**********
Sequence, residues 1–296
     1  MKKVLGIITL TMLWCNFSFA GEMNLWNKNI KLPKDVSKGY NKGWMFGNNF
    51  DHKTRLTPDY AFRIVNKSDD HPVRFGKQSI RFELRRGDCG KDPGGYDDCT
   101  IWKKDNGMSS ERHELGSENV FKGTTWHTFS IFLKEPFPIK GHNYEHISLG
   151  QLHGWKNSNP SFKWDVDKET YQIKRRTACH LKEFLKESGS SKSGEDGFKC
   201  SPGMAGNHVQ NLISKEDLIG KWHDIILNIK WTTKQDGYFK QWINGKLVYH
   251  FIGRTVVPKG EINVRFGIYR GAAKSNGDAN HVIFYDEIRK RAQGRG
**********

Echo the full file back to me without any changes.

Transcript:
Sequence, residues 1–296
     1  MKKVLGIITL TMLWCNFSFA GEMNLWNKNI KLPKDVSKGY NKGWMFGNNF
    51  DHKTRLTPDY AFRIVNKSDD HPVRFGKQSI RFELRRGDCG KDPGGYDDCT
   101  IWKKDNGMSS ERHELGSENV FKGTTWHTFS IFLKEPFPIK GHNYEHISLG
   151  QLHGWKNSNP SFKWDVDKET YQIKRRTACH LKEFLKESGS SKSGEDGFKC
   201  SPGMAGNHVQ NLISKEDLIG KWHDIILNIK WTTKQDGYFK QWINGKLVYH
   251  FIGRTVVPKG EINVRFGIYR GAAKSNGDAN HVIFYDEIRK RAQGRG